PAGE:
Prisons- Chapter 3
Prisons- Chapter 3 SOCIOL4611
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This 4 page Class Notes was uploaded by Miranda Curtis on Monday February 9, 2015. The Class Notes belongs to SOCIOL4611 at Ohio State University taught by Dr. Edward Rhine in Fall. Since its upload, it has received 161 views. For similar materials see Prisons, Jails, and Community Corrections in Sociology at Ohio State University.
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Date Created: 02/09/15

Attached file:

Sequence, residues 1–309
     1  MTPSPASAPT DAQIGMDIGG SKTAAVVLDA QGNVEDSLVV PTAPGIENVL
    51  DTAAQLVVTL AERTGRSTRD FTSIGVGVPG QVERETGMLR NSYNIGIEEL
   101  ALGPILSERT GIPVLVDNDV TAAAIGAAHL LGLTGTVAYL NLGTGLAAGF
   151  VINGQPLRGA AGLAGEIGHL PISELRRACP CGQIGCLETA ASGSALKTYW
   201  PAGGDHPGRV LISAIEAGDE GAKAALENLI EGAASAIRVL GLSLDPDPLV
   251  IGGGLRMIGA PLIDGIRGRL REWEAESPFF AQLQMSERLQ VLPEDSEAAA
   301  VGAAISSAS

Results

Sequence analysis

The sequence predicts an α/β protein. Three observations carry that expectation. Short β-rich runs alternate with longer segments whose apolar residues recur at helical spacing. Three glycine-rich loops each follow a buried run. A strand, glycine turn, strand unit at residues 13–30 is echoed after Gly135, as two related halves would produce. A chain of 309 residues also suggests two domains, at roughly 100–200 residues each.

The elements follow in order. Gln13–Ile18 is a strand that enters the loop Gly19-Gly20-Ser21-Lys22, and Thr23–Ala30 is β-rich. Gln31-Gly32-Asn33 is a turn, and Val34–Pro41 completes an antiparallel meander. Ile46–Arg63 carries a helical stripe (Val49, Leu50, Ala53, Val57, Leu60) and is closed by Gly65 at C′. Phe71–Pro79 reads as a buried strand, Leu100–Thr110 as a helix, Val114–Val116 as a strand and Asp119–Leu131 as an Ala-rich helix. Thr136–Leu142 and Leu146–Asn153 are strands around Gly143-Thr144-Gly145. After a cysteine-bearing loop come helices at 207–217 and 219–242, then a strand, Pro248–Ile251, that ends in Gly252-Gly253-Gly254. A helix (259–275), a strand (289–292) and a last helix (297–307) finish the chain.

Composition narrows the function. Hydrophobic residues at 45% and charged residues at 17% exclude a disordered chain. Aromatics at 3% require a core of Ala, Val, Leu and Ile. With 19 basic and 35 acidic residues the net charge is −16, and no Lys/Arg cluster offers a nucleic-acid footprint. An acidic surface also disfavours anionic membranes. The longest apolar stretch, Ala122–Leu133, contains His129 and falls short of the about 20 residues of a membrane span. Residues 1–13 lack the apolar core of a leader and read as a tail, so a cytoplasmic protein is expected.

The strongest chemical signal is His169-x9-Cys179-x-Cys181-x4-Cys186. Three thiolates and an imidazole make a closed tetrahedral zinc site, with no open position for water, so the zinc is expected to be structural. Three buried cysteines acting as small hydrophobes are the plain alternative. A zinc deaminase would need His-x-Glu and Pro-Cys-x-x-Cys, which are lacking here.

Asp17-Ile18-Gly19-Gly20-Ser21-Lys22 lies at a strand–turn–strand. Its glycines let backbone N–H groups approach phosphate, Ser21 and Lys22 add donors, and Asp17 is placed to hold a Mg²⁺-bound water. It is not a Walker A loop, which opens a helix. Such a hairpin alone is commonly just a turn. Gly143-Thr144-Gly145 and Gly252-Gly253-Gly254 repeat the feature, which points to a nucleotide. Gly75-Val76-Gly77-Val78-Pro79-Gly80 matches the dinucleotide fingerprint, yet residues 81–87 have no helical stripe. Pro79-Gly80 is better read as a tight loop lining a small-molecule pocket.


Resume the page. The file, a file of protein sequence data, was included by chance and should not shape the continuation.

Chapter 3 The Pendulum Swing Con icting Correctional Ideologies The ldeology Systematic body of ideas and practices Correctional ldeology Systematic body of ideas and practices that pertain to the processing of offenders Punishment ldeology Painful sanction applied to the offender who is seen as an enemy of society Rehabilitation ldeology Crime prevention through treatment of offenders and inmates to rehabilitate such offenders Prevention ldeology Avoidance or reduction of criminal behavior using methods and programs that contributes to crime prevention Punishment Ideology Retribution Retribution Getting even with the offender who has violated the rights of others and deserves to be punished quotSocial Revengequot Suggests that individuals cannot exact punishment but that the state will do so in their name Tis idea runs counter to the 8th Amendment s prohibition against cruel and unusual punishment Deterrence Deterrent Effect The extent of crime control by incapacitation threat of punishment or announced potential criminal sanction General Deterrence Prevention potential criminal behavior by making examples of offenders openly the message here would be See what will happen to you if you commit crime Speci c Deterrence Punishing individual offenders to prevent their further criminal behavior Stigma of Conviction Effect of labeling interference with ordinary social functioning and resulting diminishment of offender In order for punishment to serve as a deterrent it must be swift visible to others closely linked to the forbidden action so that is discourages future recurrences of that crime certain and categorical lncapacha on lncapacitation Depriving offenders of the ability to commit additional crime usually through imprisonment Theory of Disablement Preventing offenders from commission of more crime through isolation death banishment or mutilation Selective lncapacitation lncapacitating highrisk offenders believed to pose substantial probability of additional crime usually through imprisonment Recidivism Continued criminal activity following initial lawviolating behavior The Effect of Punishment 0 Punishment can be effective when applied in the right amounts and at the right time 0 They overlook any positive actions by offenders Often such punishments motivate offenders to become more sophisticated criminals Those people for whom punishment is least effective are Psychopathic risk takers Those under the in uence of drugs or alcohol Those with a history of being punished The Rehabilitation Ideology The main difference between the rehabilitation and punishment ideologies is that in the former offenders are assigned to the institution for a correctional program intended to prepare them for readjustment to or reintegration into the community not just for punishment and con nement The Quaker reform movement supplied prisoners with a bible for reading and doing penitence to nd their way back to God Reformatory Movement Offenders are unfortunate persons whose education training and discipline are inadequate offenders should be sent to an educational penal institution for reform Educational Doctrine Correctional approach seeking to provide crime prevention by education emphasizing vocational and educational skills and teaching inmates to discipline themselves Medical Model Model that sees the causes of crime as lying within the individual and stressed providing treatment and therapy until the offender is well Leaders in the medical model were Sanford Bates and the Federal Bureau of Prisons Indeterminate Sentencing Judge imposes a minimum and maximum period of incarceration time under the assumption that a parole board will identify the maximum bene t from imprisonment and subsequently release the inmate Has been abandoned in corrections it is still very much alive in substance abuse treatment Reintegration Model Doctrine that assumes crimes are caused by the community with the assumption that community resources should be garnered and provided by local agencies to prevent recidivism The The Prevention Ideology Recidivism rates range from 40 to 70 Seek to keep youth involved in school Emile Durkheim Early sociologist who believed that crime in some form was an inevitable accompaniment to society The greatest crimeprevention device ever invented was the streetlight Community Corrections A model of corrections based on the assumption that the offender should be reintegrated into the community through existing and potential community services Diversion Minimizing offender processing through the justice system by imposing treatment supervision and referral of offenders to service providers outside of the justice system Pendulum Swings As the populations of the country s jails and prisons have grown to almost unmanageable proportions administrators and legislatures become more willing to accept the turn backward in order to have at least some way 0 cope with the growing and more violent criminal populations quotGetToughquot Laws Belief that offenders should be punished to prevent criminal recidivism such laws would lengthen the term of incarceration and minimize use of community resources two important law programs are using the determinate sentence and compelling the inmate to serve a large percentage of the imposed sentence Restorative justice Restorative justice Punishment intended to repair the damages done by the offender s crimes against the victim and the community The BARj model responds to many issues raised by the victim s movement including concerns that victims have had little opportunity for input into the resolution of their own cases rarely feel heard and often receive no restitution or expression of remorse from the offender Balanced and Restorativejustice Philosophy 0 Crime control cannot be achieved without the active involvement of the community Balanced Approach and Its Application 1 2 3 4 Make needed services available for victims of crime Give victims opportunities for involvement and input Actively involve community members Build connections among community members 5 Give offenders the opportunityencouragement to take responsibility 6 Actively involve offenders in repairing the harm they caused Contemporary Corrections Five important developments in corrections have occurred during the last three decades of the 20th century 1 Abandonment of the medical model 2 3 Search for punishments that would be more effective than court Shift to determinate sentencing ordered probation and less severe than longterm incarceration the socall intermediate sanctions Renewed emphasis on rehabilitation and effective programming for offenders 5 Restorative justice Determinate Sentencing Judgeimposed xed term of incarceration with the expectation the inmate will serve that amount of time